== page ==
7 International Baccalaureate Organization 2007. Contents Introduction 1. Purpose of this document 1. The diploma programme 2. Nature of the subject 4. Aims 7. Assessment objectives 8. Assessment objectives in practice 9. Syllabus 10. Syllabus outline 10. Approaches to the teaching of IB History 12. Route 1: History of Europe and the Islamic world prescribed subjects 16. Route 1: History of Europe and the Islamic world topics 18. Route 2: 20th century world History prescribed subjects 24. Route 2: 20th century world History topics 26. HL options 33. Assessment 65. Assessment in the diploma programme 65. Assessment outline SL 67. Assessment outline HL 68. External assessment 69. Internal assessment 82.
8 Appendix 90. Glossary of command terms 90. History guide Introduction Purpose of this document This publication is intended to guide the planning, teaching and assessment of the subject in schools. Subject teachers are the primary audience, although it is expected that teachers will use the guide to inform students and parents about the subject. This guide can be found on the subject page of the online curriculum centre (OCC) at , a password-protected IB website designed to support IB teachers. It can also be purchased from the IB store at Additional resources Additional publications such as teacher support materials, subject reports, internal assessment guidance and grade descriptors can also be found on the OCC.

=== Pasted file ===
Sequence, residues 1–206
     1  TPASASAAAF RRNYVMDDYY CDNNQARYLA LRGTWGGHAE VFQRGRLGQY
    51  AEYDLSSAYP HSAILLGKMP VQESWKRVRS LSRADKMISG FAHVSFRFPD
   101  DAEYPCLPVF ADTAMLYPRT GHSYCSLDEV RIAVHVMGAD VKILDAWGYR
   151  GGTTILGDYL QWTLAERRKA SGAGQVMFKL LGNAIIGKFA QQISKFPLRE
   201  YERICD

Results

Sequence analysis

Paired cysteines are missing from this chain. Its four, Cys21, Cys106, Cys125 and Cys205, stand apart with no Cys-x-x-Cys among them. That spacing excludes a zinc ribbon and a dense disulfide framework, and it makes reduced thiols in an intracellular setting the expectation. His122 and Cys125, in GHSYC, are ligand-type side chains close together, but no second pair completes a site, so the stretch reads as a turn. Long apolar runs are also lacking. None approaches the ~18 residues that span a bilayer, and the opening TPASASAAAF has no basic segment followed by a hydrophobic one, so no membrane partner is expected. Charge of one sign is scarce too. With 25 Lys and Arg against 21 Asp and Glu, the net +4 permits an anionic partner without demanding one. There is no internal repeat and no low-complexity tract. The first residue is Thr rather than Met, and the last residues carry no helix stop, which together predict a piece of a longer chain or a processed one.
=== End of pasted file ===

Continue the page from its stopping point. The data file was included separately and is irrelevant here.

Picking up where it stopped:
9 Specimen and past examination papers as well as markschemes can be purchased from the IB store. Teachers are encouraged to check the OCC for additional resources created or used by other teachers. Teachers can provide details of useful resources, for example: websites, books, videos, journals or teaching ideas. First examinations 2010. History guide 1. Introduction The diploma programme The diploma programme is a rigorous pre-university course of study designed for students in the 16 to 19. age range. It is a broad-based two-year course that aims to encourage students to be knowledgeable and inquiring, but also caring and compassionate. There is a strong emphasis on encouraging students to develop intercultural understanding, open-mindedness, and the attitudes necessary for them to respect and evaluate a range of points of view.
10 The diploma programme hexagon The course is presented as six academic areas enclosing a central core. It encourages the concurrent study of a broad range of academic areas. Students study: two modern languages (or a modern language and a classical language); a humanities or social science subject; an experimental science; mathematics;. one of the creative arts. It is this comprehensive range of subjects that makes the diploma programme a demanding course of study designed to prepare students effectively for university entrance. In each of the academic areas students have flexibility in making their choices, which means they can choose subjects that particularly interest them and that they may wish to study further at university.